There really is a lot going on for the Parks Family right now. Because of the new shop opening at Community Market, Laura has taken over the management of the Christmas Tree operation this year. With opening day Friday after Thanksgiving, we are all trying to jam 48 hours of work into a 24 hour day. And so, for the first time in my 43 years, we are going to a restaurant for our Thanksgiving Dinner. We just don’t have the bandwidth to do all that it takes to make it happen at home this year, so we made reservations at John Ash & Co. We take our fall holidays pretty serious, as you can imagine, and so this was a pretty big decision. It got me thinking about all that goes into the holiday meal. And so this newsletter is dedicated to the minority of you that do everything it takes so that the majority of your family long for those great meals and memories for the rest of the year.
We all know what the acronym above stands for. It is a great one to remember this time of year, as the holidays are stressful enough with out adding to it ourselves. I have put together my ideas on how with a little planning, you can reduce your stress level this year.
The star of most Thanksgiving tables is the turkey. Hopefully by now you have your bird reserved and received my Pick Up Schedule email this week. If you didn’t get it, please contact me so you know when and where your turkey or other cut will be ready for pick up. The two questions I get asked the most this time of year are “How do I cook my turkey?” and “Should I brine it?” In this week’s “Serving Suggestions” is how I have cooked my turkey for years. It gets pretty good reviews, but use your own judgement. I talk to customers all the time that tell me about some disaster or another in the kitchen, and nine times out of ten it is a result of following some internet recipe to the letter only to find out the when they set their 1972 avocado-green oven to 350, it only musters up about 225 and they can’t figure out why the turkey walks out of the oven 3 hours later. So my first tip is to use common sense. If you don’t have the latest Viking oven in your kitchen, spend $5.99 on a thermometer that will tell you the ACTUAL temperature in your oven. Another flaw I see from time to time is cooking with alcohol. Nobody likes Brandied-this or Bourbon-that more than I do. But remember that when cooking, booze is a flavoring, and you need to cook the alcohol out. If you dump a cup and a half of Chardonnay into your gravy five minutes before service, even pickled-at-noon Aunt Edna is going to wrinkle her nose. I like to add wine or liquor to a dish when I deglaze the pan. This gives it plenty of time to mellow, and the cooks plenty of time to finish the bottle (ever wonder why no recipe ever called for a full bottle of anything???)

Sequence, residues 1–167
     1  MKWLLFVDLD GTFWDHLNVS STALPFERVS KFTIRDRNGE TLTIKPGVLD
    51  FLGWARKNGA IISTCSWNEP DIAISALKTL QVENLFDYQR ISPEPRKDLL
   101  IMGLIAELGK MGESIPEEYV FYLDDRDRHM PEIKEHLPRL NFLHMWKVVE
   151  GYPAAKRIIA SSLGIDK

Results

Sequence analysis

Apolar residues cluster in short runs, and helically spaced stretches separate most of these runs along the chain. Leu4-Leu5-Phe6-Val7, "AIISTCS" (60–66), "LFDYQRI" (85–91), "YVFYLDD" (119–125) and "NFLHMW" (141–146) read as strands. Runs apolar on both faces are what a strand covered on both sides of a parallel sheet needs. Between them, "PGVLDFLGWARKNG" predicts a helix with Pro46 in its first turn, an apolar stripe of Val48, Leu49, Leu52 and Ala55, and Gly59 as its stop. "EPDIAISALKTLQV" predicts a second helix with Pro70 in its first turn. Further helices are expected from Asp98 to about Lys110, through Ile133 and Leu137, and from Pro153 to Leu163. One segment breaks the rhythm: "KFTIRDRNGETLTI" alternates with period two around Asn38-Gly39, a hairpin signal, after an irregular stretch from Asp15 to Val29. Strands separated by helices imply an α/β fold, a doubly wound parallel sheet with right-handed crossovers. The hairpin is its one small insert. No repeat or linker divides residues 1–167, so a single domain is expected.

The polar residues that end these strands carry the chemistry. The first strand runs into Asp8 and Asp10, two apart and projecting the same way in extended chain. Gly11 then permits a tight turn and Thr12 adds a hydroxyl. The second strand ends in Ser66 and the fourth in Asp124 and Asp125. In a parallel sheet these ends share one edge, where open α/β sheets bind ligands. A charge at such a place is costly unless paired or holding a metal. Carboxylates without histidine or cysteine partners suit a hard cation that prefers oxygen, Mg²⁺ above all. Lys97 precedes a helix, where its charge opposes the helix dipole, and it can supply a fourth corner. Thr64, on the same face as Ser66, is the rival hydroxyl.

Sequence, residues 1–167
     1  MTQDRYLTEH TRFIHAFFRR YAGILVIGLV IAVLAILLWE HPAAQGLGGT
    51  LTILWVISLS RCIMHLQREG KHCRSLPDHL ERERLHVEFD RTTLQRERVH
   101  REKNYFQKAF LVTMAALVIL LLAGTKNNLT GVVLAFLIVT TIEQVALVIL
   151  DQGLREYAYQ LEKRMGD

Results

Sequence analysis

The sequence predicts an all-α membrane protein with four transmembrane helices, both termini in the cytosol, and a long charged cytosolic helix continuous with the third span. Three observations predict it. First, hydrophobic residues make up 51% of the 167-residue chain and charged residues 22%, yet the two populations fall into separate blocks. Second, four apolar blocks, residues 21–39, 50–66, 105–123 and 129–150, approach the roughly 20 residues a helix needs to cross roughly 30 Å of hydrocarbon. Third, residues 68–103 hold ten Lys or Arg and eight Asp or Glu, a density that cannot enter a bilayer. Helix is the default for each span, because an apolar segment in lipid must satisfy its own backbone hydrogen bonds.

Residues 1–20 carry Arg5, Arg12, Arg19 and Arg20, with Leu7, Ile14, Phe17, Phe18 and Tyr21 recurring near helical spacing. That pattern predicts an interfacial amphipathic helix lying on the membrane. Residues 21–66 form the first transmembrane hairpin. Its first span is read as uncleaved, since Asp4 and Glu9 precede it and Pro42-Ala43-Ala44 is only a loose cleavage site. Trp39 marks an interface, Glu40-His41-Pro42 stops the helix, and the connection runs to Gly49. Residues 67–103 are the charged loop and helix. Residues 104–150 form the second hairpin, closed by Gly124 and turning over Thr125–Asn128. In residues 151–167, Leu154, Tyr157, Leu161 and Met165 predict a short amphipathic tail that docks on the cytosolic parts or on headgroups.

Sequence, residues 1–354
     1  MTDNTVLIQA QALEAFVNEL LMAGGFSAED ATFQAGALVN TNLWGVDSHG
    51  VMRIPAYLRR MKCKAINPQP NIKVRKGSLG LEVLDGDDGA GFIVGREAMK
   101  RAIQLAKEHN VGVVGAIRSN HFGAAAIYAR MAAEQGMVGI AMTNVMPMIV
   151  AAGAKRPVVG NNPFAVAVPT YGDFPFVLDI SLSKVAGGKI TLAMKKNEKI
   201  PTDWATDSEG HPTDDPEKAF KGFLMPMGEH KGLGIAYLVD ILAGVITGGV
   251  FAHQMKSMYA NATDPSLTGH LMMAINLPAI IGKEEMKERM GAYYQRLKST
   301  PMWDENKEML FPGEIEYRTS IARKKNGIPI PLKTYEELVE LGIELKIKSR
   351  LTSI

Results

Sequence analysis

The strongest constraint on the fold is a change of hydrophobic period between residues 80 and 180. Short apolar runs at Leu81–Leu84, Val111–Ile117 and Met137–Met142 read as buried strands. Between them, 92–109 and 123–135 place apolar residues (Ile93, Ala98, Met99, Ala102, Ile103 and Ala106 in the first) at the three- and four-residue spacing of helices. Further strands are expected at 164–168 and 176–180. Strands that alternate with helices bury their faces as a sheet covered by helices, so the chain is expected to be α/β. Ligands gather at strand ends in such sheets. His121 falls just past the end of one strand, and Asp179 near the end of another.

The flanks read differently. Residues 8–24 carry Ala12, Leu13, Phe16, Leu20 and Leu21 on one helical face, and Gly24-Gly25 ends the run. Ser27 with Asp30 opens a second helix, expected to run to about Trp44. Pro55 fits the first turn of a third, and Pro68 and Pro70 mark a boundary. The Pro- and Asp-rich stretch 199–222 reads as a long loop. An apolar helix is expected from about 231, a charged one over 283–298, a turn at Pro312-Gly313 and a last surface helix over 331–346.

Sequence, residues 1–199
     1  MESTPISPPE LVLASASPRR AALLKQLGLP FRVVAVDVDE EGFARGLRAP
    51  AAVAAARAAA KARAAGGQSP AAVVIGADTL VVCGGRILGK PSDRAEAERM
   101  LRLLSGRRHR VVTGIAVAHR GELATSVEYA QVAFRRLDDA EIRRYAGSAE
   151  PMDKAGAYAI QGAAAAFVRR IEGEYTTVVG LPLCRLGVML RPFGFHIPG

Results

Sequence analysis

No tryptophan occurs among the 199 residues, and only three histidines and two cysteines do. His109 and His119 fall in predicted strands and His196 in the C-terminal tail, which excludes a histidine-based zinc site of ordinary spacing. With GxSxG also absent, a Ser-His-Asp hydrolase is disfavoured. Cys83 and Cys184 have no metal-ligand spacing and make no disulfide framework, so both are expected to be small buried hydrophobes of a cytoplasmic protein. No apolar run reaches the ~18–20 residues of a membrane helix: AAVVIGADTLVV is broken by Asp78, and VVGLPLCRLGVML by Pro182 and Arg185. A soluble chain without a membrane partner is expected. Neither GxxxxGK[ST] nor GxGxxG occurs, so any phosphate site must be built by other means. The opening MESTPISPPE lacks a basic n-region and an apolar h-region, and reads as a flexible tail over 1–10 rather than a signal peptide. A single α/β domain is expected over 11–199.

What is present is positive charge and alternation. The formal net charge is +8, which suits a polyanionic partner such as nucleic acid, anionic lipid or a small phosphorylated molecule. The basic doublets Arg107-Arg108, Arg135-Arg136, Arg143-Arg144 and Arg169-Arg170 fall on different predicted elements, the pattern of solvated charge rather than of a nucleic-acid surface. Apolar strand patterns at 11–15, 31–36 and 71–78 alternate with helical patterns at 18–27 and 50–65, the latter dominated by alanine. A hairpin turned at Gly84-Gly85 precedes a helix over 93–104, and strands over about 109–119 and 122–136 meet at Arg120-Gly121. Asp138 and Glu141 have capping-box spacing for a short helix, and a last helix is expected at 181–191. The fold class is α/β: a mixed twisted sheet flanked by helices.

One of the other things that sometimes gets forgotten when planning for the holidays is the food around the main meal. I’m not talking about appetizers or side dishes here. You are the one who decided that this is going to be the year that you “prove” yourself by inviting every 3rd cousin you never met, your spouse’s entire extended family from Des Moines, and cheap Uncle Fred and his 7th wife. All these people are so thankful that you invited them that they want to spend every possible moment at your house. Or at least every possible meal time. You can save yourself a lot of stress here with a little planning. Since I’m not cooking this year, I took some time to put together some of the quick meals we use around our house when we have to feed many people quickly and affordably. There are also some cool tips and ratios Jayne added to our Serving Suggestions page you might find handy as well.